No more soggy sandwiches: the station convenience retailing of the future.
The days of having to choose between a soggy day-old ham sandwich and a soggy day-old cheese sandwich for your train journey are long gone: convenience retailing in stations is becoming increasingly fresh, diverse and customisable. And, as shops incorporate new technology and begin to attract non-passengers, convenience retailing may end up shaping stations just as much as stations shape retailers.
Convenience stores are key to generating profit at transport hubs. In 2012, SBB realised that our stations (and their long opening hours – perfect for that forgotten dinner ingredient or midnight snack run) were also attracting customers from the surrounding area, a market that had previously been less relevant.
In the retail vanguard
SBB has always been a pioneer when it comes to convenience retailing. We introduced our first railway station vending machines in the 1930s, developed convenience stores in the 1990s, and are now introducing new technology such as self-checkouts to improve the customer experience further. But we’re not the only ones capitalising on the potential of convenience: big operators such as Coop are offering new formats like Coop to go, while restaurants and bakers such as Manor are also expanding into the convenience market. This is good news for customers, as it means more diversity – along with more lunch options.
While early convenience stores resembled mini supermarkets, with the same selection of products that you’d find in their parent shops, they now focus on providing a smaller range of fresh and ready-to-eat products. Store design is also improving: SBB recently carried out improvements at Spettacolo and Brezelkönig in Basel by widening entryways and uncluttering customer flows, and plans to send out teams to make similar modifications in other stations.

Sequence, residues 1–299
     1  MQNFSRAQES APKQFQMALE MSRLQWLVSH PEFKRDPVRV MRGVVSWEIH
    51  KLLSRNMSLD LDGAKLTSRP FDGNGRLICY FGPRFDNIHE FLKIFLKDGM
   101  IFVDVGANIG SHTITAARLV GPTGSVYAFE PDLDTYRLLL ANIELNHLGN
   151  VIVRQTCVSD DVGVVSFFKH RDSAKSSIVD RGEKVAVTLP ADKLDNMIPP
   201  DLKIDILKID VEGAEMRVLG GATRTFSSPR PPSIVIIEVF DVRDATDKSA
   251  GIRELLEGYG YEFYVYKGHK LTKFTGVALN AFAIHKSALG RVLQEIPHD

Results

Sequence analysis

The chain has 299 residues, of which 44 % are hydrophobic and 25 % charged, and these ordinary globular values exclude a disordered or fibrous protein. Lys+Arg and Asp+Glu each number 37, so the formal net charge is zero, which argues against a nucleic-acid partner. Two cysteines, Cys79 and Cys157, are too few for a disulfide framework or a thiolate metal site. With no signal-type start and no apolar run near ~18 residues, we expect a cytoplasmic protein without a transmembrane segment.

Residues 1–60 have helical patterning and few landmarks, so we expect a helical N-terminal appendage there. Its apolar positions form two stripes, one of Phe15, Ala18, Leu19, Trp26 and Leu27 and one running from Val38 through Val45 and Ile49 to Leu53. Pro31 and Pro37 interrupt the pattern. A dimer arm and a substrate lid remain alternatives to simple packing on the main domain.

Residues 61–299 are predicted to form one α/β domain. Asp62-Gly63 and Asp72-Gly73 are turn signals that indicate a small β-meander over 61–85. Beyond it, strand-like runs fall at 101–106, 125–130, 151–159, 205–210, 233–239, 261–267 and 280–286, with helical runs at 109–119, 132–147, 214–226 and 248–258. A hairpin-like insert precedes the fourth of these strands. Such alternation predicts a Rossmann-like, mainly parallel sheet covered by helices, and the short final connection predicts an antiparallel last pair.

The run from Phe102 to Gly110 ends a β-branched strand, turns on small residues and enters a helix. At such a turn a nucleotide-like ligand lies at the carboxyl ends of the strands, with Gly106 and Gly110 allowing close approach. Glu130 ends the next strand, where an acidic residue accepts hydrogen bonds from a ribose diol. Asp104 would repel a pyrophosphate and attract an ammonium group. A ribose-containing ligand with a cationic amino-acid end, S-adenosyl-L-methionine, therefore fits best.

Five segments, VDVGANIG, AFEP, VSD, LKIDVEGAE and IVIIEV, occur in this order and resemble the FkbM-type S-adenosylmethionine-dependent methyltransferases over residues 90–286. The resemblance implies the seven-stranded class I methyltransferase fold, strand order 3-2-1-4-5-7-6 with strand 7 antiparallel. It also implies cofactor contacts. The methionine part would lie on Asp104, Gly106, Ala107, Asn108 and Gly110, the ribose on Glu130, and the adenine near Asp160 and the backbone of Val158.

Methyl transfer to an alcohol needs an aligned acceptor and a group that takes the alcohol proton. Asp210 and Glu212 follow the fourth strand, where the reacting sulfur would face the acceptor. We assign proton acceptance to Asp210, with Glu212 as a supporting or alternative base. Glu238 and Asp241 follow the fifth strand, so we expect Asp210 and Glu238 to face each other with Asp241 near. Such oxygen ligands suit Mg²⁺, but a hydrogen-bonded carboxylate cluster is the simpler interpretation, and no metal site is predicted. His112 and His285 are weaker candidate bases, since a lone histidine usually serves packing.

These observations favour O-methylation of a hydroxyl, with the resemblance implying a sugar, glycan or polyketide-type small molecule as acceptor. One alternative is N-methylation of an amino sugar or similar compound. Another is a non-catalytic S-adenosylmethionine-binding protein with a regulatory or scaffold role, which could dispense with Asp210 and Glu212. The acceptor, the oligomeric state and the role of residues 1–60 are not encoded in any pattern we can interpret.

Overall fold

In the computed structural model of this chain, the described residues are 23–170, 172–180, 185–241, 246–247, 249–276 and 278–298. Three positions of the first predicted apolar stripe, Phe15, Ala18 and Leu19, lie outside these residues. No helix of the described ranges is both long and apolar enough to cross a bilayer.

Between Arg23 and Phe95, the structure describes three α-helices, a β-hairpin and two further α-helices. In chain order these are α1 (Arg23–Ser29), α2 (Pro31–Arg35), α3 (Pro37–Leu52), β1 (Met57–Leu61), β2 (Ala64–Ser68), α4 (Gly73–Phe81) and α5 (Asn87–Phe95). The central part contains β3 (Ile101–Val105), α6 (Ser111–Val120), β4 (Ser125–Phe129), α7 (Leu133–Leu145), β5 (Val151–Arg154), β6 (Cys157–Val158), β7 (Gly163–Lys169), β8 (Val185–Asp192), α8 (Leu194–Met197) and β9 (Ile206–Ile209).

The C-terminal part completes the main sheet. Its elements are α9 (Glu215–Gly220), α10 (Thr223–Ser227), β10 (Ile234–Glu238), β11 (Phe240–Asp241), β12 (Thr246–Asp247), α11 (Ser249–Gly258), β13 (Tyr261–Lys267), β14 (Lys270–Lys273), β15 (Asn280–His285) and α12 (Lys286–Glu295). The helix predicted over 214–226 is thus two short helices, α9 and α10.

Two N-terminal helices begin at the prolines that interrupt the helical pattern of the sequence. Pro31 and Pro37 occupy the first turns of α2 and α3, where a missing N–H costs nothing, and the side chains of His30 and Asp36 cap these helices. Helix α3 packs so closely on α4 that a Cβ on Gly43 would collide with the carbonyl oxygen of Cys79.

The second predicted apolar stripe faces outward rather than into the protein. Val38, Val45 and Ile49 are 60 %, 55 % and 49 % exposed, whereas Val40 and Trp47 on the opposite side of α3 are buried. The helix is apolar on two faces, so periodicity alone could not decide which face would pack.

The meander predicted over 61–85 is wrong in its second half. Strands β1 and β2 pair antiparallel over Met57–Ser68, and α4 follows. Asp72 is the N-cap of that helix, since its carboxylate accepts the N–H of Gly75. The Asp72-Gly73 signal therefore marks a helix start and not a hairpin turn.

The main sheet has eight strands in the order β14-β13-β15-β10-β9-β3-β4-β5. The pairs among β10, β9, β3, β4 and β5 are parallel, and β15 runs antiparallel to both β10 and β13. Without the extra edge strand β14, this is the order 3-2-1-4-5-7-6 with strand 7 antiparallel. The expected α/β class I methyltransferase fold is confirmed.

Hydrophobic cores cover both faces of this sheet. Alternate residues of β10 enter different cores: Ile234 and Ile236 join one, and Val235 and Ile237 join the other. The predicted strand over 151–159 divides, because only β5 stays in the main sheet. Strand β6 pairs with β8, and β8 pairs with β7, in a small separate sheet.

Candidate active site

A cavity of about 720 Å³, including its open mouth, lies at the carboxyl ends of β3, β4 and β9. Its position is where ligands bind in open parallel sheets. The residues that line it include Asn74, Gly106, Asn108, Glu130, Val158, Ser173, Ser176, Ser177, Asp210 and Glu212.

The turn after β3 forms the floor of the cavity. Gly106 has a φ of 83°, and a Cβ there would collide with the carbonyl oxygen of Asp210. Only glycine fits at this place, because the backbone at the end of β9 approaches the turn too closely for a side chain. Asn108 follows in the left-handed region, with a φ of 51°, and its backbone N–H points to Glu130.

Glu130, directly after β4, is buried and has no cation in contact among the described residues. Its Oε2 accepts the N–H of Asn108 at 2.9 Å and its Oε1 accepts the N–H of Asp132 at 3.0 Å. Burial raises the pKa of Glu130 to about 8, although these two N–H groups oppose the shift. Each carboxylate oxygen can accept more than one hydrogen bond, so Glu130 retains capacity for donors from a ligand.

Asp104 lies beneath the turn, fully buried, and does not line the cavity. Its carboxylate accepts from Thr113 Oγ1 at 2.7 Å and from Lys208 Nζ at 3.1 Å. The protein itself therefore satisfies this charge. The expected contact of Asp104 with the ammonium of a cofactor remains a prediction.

Fast and fresh
The convenience stores of the future will also incorporate more technology to help increase customer throughput. On average, passengers spend between five and seven minutes at a station, so retailing needs to take place as quickly as possible. Self-checkouts can help with this, while also streamlining the payment process during peak periods: while it doesn’t make economic sense to hire more staff for a few peak hours each day, automatic checkouts ease the pressure when things get busy.
But what happens to human staff in this brave new world of automated retailing? Never fear: while convenience store employees will be spending less time on the tills in future, they’ll be kept busy preparing fresh food and refilling products to keep up with customer demand, which already requires five to six rounds of restocking each day. For all that computers have to offer, quality and diversity are the key trends shaping the future of convenience retailing – and there’s nothing more human than good food.
The stations of the future will feature takeaways and convenience stores that are less cluttered, more accessible, and quicker to use – and they’ll attract more visitors as a consequence. As their appeal broadens, drawing in local residents as well as passengers, stations will change from being a place to start your journey to a destination in themselves.